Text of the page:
Tonight my wife and daughter will be heading to the local high school so my daughter can be sized up for her class ring.
For $200 or so we will pick out a ring made of geniune fakeonium and the precious stone, glassisious. No doubt mined in South Africa by DeBeers.
Even though it will be made of 100% manufactured material, the day the ring arrives will be a special day for my sophomore daughter - the youngest of our three kids.
She'll have 100 people twist the ring once around her finger. The 100th person - carefully chosen so as not to be Dad - will have to give her a kiss. Or so the tradition goes. I have pretty good idea who the 100th will be, and even though the boy doesn't go to the same school anymore I'm sure my daughter will find a way to make sure he's the one to apply that final ring turn. Just a hunch.
We bought our sons their high school rings, six and three years ago respectively. I doubt either boy knows where their ring is now.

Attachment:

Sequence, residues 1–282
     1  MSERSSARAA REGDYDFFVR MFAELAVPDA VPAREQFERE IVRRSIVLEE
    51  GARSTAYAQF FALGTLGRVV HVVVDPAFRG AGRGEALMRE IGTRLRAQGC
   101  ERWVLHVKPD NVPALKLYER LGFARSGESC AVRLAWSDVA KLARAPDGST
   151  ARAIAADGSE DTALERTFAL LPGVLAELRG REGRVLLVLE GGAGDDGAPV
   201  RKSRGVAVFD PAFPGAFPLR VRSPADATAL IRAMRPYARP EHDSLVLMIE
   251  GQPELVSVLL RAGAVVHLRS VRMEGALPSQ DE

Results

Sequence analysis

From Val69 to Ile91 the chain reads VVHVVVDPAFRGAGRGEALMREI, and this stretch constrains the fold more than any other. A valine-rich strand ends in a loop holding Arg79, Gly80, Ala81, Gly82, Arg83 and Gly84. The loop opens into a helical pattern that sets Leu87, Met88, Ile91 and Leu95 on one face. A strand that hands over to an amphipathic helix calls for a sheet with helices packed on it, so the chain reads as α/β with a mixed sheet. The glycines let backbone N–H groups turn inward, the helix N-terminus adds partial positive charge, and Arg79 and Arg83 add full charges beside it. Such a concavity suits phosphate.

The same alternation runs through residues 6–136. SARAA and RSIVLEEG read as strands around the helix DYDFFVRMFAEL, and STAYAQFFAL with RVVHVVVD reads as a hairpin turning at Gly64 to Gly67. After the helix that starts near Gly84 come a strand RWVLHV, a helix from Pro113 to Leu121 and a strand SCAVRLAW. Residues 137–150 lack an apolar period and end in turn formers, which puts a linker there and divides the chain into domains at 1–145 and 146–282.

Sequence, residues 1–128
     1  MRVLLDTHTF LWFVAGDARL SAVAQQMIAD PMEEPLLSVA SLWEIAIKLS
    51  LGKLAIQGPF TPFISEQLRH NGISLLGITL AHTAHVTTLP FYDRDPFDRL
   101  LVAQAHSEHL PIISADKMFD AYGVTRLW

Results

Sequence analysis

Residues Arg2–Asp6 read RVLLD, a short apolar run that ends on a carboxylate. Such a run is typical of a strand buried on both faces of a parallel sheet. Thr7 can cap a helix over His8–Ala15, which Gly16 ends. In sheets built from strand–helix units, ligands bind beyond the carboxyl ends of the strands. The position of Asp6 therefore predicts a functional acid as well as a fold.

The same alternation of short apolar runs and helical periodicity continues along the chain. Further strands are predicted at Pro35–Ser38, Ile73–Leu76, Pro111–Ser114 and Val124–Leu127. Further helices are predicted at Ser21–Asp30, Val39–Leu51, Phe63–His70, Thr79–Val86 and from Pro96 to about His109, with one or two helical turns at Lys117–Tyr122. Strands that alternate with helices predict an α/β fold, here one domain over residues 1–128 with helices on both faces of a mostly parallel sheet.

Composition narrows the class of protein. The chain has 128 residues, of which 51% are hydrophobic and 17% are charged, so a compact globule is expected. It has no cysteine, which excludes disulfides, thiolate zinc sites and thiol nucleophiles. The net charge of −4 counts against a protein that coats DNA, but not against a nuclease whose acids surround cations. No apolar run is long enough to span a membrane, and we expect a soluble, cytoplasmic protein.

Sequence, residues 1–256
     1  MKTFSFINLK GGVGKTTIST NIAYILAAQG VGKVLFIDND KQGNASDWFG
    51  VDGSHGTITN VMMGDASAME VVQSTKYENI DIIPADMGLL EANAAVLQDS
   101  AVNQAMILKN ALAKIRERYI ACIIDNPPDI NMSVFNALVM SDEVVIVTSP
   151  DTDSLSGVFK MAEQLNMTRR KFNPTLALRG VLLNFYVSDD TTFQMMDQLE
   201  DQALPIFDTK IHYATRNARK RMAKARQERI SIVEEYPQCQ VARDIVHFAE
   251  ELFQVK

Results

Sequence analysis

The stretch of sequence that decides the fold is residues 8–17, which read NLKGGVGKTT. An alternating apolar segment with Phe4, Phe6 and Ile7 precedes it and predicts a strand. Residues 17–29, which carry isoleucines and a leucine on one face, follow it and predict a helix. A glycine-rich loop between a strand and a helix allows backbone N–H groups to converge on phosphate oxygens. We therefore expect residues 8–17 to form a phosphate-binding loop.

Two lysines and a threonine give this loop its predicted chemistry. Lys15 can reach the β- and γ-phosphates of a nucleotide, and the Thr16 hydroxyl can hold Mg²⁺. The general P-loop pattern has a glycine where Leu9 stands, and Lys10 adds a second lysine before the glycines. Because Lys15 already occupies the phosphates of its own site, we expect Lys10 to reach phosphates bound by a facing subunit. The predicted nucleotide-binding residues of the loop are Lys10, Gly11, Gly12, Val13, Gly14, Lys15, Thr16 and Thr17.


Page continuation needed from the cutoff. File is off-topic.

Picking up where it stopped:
The last time I can recall seeing mine, it was on some girl's finger, wrapped in yarn that was the same dark blue as our school colors so that it would fit snugly on her much-smaller finger. It was a relationship symbol. "Going steady" it was called back in those days. I'm pretty certain the girl had the decency to give the ring back to me after the big break-up. Perhaps it was even a high-velocity delivery from just a couple of feet away. That was too long ago to recall.
While the class ring tradition endures - thanks to the marketing efforts of Josten's - the "going steady" concept vanished long ago. These days "hooking up" - a much more physically intimate experience - is something one does with hardly a thought and maybe after a few beers.
Although it took a lot of hand-wringing and even some cold-sweating to seal the deal, I think I still prefer the "going-steady" concept.